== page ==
New insulation was installed throughout, which gives the house an overwhelming sense of snugness. A giant 9.6-kilowatt Mitsubishi heat pump warms the downstairs area while three separate smaller units handle the top floor. All upper story ducting was placed in the ceiling during the build to accommodate outlet placement on interior walls.
The open-plan master bedroom is a showstopper, replete with a 2.2-metre wide, custom-made bed featuring a 3D white leather panelled headboard and surround, plus a separate TV room/nursery/study. “We both love it,” grins Greg. “It really captures the resort feeling we were after and it is a great haven away from the kids.”
While Caroline had a hand in choosing styles and Methven tapware, Kate Dowling from Svelte Architecture and Design advised on the interior design and drew up both elegant and pragmatic bathroom designs including bespoke vanities and a smart integrated system for the extensive four-metre deep downstairs laundry.
In the master bedroom a ‘Perugia’ 3D square white tile splashback sits above a bespoke Corian benchtop visually tying in with the proportions of the 3D square bedhead. The toilet and shower are cleverly tucked behind the vanity to provide ultimate privacy. A freestanding Mélange Bath Column weighing in at 180 kilograms floats in the space and required extra engineering and strengthening to accommodate. “We have used it a few times already and we haven’t ended up downstairs so its obviously been done right,” laughs Greg.
New Mohawk New Sensation Graphite carpet creates continuity between all the upstairs rooms. In the laundry an Asko drying cupboard, pull out Artweger Ruckzuck clothes rack and soft close cupboards and drawers aplenty are the dreams of a domestic goddess. A laundry shoot conveys washing from the master bedroom.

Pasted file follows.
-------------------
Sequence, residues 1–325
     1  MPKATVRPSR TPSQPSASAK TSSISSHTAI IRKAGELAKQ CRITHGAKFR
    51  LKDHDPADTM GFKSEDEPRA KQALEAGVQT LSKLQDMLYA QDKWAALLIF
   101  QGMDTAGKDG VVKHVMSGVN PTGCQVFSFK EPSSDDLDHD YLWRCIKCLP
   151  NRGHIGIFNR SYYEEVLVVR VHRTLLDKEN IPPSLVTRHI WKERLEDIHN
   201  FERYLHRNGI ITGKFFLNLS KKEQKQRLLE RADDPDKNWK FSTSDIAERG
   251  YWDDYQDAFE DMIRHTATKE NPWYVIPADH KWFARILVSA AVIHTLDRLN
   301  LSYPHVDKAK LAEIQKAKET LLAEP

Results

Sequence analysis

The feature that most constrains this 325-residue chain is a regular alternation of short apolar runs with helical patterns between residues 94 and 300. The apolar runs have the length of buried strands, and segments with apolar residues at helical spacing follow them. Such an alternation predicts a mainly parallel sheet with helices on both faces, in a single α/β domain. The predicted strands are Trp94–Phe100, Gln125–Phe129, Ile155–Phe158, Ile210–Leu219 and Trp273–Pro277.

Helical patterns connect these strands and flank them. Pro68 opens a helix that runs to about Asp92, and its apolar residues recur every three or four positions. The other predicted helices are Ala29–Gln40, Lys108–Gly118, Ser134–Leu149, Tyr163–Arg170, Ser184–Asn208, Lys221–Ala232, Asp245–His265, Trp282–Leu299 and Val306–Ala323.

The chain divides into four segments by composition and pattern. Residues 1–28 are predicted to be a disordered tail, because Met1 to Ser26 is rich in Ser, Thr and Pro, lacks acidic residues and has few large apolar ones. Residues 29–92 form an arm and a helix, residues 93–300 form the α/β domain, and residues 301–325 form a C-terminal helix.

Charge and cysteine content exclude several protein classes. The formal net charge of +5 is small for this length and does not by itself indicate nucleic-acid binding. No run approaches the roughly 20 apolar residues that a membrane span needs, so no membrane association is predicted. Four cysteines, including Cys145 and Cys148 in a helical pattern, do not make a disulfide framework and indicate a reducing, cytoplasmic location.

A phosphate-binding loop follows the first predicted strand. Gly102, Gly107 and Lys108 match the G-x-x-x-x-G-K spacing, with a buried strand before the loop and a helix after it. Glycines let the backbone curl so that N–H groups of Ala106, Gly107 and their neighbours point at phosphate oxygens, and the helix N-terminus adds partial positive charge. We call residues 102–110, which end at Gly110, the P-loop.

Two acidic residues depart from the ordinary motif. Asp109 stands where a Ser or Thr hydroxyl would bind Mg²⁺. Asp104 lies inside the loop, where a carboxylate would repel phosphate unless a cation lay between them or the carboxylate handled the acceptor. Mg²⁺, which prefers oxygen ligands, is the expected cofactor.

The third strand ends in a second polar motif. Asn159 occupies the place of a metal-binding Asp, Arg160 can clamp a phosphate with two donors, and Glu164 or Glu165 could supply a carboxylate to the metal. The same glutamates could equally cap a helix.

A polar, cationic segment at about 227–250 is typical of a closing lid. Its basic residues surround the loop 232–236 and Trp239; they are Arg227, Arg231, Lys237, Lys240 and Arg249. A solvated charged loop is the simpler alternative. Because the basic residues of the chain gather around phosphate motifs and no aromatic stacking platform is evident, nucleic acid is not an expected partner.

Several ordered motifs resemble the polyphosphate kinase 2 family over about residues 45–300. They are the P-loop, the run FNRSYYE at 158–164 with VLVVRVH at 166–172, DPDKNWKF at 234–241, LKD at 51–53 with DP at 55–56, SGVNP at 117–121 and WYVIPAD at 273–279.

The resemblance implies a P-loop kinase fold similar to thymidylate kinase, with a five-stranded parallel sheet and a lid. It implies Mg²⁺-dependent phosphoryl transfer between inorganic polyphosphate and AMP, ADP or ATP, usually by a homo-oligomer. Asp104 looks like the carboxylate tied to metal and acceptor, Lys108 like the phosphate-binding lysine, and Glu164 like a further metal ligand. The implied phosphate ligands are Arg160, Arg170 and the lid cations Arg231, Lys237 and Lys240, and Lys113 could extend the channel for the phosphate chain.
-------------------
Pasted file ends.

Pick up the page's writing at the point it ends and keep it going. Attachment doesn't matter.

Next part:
Storage is paramount to maintaining the Leightons’ sense of minimalism. Considerable thought has gone into placement and design of built-in cupboards, false walls for accessing cables and plumbing, and even head heights for the ‘his and hers’ in-built mirrors in the master bathroom vanities.
With walk-in wardrobes in every room, there is a place for everything and everything is in its place. For the kids, a secret playroom tucked in behind the boys’ bedroom wardrobe runs about five-metres in length and takes care of the clutter of toys. A generous existing upstairs bathroom – the wet room domain of the children – has been left untouched while downstairs the shared en-suite reflects the master bathroom using the same tile and layout concepts.
The piece de resistance for Refresh Renovations is the new stairwell. “The old steep staircase didn’t do the house justice,” he says. A raking ceiling now opens out over a majestic entry foyer with a grand staircase that better reflects the bungalow period. “We worked closely with an engineer and Continental Stairs to make an ergonomic and cost-effective stairwell. Installing giant steel pillars and the handrail was very labour intensive but I think the outcome looks fantastic.”
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This home renovation case study by Jason Burgess featured on page 28 in Issue 007 of Renovate Magazine. Renovate Magazine is an easy to use resource providing fresh inspiration and motivation at every turn of the page.